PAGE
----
At Rav’s recommendation I decided to give the new BBC version of Robin Hood a go. I had been expecting campy entertainment in the style of Xena: Warrior Princess or Kevin Sorbo’s womanising Hercules. I was pleasantly surprised to discover that they have aimed for a little more depth than those staples of Channel 5 weekend afternoons (I may be somewhat out of date, since it has actually been several years since I subjected myself to the torturous haze of white noise that is Channel 5’s programming).
Yet I’d be lying if I said I found the first episode particularly enjoyable. It all worked, but there were too many niggling flaws. The most obvious is newcomer Jonas Armstrong’s lack of charisma as Robin. Playing too much to Robin’s honour and nobility, he forgets to have fun as an outlaw.
And then it struck me while watching the second episode. The writers have a serious political agenda here, hidden away in each episode. The political undertones in the first episode were subtler as Robin decries war upon his return, but it becomes far more blatent by the second. Guy of Gisborne discusses how the time of war allows them to “hold and execute outlaws without trial” and suddenly the striking political parallels are revealed. Robin ponders aloud why we would fight abroad when “the real cancer is right here”.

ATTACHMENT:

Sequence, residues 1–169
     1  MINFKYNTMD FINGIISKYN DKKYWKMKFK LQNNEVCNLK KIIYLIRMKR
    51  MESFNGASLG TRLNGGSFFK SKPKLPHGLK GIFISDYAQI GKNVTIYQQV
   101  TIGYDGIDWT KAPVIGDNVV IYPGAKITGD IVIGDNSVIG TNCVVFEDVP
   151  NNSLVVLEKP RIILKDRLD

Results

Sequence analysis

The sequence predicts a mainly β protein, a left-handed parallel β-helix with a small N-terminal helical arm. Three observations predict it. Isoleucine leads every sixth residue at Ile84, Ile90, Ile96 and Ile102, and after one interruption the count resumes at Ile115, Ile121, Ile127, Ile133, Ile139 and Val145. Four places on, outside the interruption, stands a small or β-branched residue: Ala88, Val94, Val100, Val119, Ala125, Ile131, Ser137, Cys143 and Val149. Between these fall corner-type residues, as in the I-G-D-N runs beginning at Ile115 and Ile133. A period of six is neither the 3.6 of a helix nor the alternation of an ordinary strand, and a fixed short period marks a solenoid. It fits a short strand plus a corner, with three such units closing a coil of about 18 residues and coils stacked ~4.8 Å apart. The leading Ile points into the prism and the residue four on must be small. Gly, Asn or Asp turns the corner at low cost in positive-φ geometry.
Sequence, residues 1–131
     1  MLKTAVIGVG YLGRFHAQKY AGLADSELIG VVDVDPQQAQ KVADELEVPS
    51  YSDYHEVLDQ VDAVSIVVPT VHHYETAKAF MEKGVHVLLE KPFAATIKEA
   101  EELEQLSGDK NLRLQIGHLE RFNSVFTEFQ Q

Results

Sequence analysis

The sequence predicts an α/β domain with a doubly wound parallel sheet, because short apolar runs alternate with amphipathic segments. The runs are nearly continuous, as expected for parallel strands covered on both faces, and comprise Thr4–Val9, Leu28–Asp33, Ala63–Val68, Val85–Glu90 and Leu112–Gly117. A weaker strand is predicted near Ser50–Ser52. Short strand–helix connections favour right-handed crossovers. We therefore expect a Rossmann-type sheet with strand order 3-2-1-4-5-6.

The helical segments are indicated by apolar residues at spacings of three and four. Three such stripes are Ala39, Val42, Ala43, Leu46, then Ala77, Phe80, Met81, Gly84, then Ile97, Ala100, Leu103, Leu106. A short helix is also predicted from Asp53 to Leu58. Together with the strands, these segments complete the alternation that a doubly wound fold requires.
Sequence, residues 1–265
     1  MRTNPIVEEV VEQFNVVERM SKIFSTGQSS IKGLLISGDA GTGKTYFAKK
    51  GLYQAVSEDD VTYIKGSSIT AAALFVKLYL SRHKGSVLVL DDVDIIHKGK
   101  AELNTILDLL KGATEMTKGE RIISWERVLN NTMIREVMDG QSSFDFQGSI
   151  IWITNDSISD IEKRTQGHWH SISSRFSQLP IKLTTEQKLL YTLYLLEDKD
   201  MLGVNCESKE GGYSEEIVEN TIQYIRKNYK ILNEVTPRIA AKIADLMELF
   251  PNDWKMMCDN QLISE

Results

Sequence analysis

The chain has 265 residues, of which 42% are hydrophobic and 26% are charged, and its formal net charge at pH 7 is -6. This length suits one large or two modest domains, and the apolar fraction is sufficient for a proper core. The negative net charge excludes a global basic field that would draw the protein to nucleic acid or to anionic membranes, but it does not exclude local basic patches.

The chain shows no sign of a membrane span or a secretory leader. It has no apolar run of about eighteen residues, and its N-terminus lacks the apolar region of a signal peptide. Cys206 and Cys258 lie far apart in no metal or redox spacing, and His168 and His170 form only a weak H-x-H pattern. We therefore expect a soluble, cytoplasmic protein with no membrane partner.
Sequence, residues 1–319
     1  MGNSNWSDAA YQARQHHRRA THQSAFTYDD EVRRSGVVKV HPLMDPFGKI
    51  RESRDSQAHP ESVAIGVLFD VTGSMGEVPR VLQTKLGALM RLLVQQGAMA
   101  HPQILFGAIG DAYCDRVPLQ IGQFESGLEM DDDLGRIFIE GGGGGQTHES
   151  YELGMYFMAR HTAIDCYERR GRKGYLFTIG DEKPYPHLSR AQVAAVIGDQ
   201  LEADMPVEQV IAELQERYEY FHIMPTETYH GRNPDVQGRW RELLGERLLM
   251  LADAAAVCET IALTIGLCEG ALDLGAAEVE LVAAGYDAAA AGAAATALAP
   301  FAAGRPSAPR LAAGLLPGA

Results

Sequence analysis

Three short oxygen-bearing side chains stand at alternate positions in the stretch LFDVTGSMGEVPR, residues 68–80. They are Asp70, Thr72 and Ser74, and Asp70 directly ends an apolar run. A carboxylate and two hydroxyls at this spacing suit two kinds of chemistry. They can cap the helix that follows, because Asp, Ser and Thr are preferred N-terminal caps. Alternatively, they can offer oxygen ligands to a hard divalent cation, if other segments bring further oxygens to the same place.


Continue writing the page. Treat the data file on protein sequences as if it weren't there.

There is barely any discussion of the issues raised so don’t mistake this for some highbrow remake with aspirations of intellectualism. Fathoming its intended audience becomes difficult — is this really just a vehicle to deliver its message to those less aware of current affairs? If so, will they even notice?